When Jack realizes the case shares haunting similarities with the murders of the missing girls' aunts 10 years before, it becomes clear that he and Jamie are dealing with much more than two girls who simply wandered off the beaten path.
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Customer ReviewsMost Helpful
By Patricia on 02-12-17
Too unrealistic to believe
I'm willing to suspend my disbelief and make allowances to further the plot but there is no way ANY police officer, let alone the FBI, would let a paranoid, distraught old man run free among innocent civilians with a loaded gun in plain view even if it's on his own property. Then not to pull their weapons in response to his threats with the gun and shoot him after he shoots an innocent teenager. Then to allow the man to take that injured teen hostage and allow another teen to offer herself as another hostage. Then for the lead agent to barely argue and return to his hotel room that same night to conduct the other side of the investigation. He should have remained at the house near the hostages and called in HRT, SWAT, an ambulance, backup and begun negotiations. Only an idiot would have allowed the situation to get so out of hand.
Then there is the boy's mother standing quietly by after she sees her son shot and knowing he is going to be taken hostage with no medical care. What kind of mother would not be screaming bloody murder and needing to be physically restrained to keep her from her son. Then she mutely allows the girl to be taken as well when she is also responsible for her. No one insists on medical treatment or even offers to take medical supplies to the house for the boy. When he goes down in front of her she does nothing. Except for his fellow hostage no one seems to be particularly worried about his medical condition throughout the remainder of the story. When the lead FBI agent tells his mother the plan to rescue the hostages if the old man's demands aren't met isn't any of her business she meekly accepts that mentally acknowledging it isn't any of her concern??!! The hostages are her gunshot son and his friend whom she is responsible for. It is totally her concern. She stated at least twice in the book that she isn't intimidated by aggressive men then several times she turns around and acts in total opposition to her claims of being tough and independent. She's supposed to be an excellent dog trainer and tracker yet she repeatedly dismisses the alerts of her dogs and several times the alerts of all the rescue dogs in the vicinity. Her character is too inconsistent to be believable.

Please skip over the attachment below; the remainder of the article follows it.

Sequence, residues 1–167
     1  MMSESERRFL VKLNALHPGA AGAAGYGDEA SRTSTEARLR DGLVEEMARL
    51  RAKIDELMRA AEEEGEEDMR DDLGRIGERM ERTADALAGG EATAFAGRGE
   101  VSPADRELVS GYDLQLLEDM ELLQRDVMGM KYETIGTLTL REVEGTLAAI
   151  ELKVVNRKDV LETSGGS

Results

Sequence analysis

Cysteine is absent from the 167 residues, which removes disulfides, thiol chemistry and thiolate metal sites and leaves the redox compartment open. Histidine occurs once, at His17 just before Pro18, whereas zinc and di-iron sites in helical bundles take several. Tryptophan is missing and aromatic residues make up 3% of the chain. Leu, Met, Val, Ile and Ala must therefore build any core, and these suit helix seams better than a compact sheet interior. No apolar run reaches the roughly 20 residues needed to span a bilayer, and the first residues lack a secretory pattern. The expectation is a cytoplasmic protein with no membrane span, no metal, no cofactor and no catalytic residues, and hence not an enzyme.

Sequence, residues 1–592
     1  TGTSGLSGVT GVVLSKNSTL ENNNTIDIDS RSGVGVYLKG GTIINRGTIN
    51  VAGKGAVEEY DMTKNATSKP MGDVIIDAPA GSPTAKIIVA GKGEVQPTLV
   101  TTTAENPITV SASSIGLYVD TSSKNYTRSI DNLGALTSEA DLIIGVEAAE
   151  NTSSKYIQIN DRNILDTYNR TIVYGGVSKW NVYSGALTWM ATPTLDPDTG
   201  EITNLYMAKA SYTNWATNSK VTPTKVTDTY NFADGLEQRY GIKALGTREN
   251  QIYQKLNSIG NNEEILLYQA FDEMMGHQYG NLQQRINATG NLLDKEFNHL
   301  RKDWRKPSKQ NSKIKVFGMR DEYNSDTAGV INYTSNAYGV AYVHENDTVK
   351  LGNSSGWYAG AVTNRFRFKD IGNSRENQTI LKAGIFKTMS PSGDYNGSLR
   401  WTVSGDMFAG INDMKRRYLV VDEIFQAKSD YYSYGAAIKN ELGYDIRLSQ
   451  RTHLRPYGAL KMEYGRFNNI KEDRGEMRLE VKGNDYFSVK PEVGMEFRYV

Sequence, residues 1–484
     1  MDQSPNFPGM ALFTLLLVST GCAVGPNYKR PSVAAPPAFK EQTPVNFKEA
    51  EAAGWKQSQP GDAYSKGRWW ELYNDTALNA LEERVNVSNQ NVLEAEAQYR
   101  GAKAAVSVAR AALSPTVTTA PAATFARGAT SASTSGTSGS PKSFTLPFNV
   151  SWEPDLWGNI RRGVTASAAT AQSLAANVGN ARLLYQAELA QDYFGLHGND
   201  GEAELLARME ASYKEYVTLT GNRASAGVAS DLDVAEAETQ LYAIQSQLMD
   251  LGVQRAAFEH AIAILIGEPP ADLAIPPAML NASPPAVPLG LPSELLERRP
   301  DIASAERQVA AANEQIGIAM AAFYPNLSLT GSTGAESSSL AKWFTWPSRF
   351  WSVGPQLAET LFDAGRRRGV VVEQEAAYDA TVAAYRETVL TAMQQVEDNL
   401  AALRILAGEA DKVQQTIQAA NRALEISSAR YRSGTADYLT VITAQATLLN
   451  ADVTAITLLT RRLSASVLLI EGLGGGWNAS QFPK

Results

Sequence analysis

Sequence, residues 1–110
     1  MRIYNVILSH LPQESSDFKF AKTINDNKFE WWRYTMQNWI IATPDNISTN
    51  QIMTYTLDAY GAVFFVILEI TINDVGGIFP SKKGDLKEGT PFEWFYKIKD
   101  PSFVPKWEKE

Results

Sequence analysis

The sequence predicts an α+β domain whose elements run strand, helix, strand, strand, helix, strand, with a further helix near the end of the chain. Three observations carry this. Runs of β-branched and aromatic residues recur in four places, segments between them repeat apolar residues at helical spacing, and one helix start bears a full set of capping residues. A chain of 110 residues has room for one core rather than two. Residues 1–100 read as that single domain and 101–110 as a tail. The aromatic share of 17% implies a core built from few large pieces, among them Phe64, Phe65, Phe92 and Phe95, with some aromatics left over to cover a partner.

The seemingly somewhat involved father tells her he won't come unless he's needed? His son has been shot and taken hostage and that's not being needed?!
Then to top it all we're supposed to accept that mother and son can see and communicate with the dead and those around them who know just blithely accept it without question or any skepticism or suggestion that they go see a psychiatrist. Mother and son are more bothered about it than everyone else is.
I finished listening despite the above and more as I wanted to know how it ended and it was well written and remained interesting but I will not be listening to the rest of the series.
9 of 9 people found this review helpful
By Michael Coyle on 03-07-18
Book 4 stars, narration 2.
I found the narration of the main character irritating due to the accent. The accent presence and intensity carried throughout the story. An accent can add depth to a character and authenticity to the book setting. The accent of the main character gave an impression of her being an unintelligent, crude and aggressive back woods woman. The details of the character implied she was intelligent, independent, and confident. None of the other characters were given the same accent adding some disjoint in the story.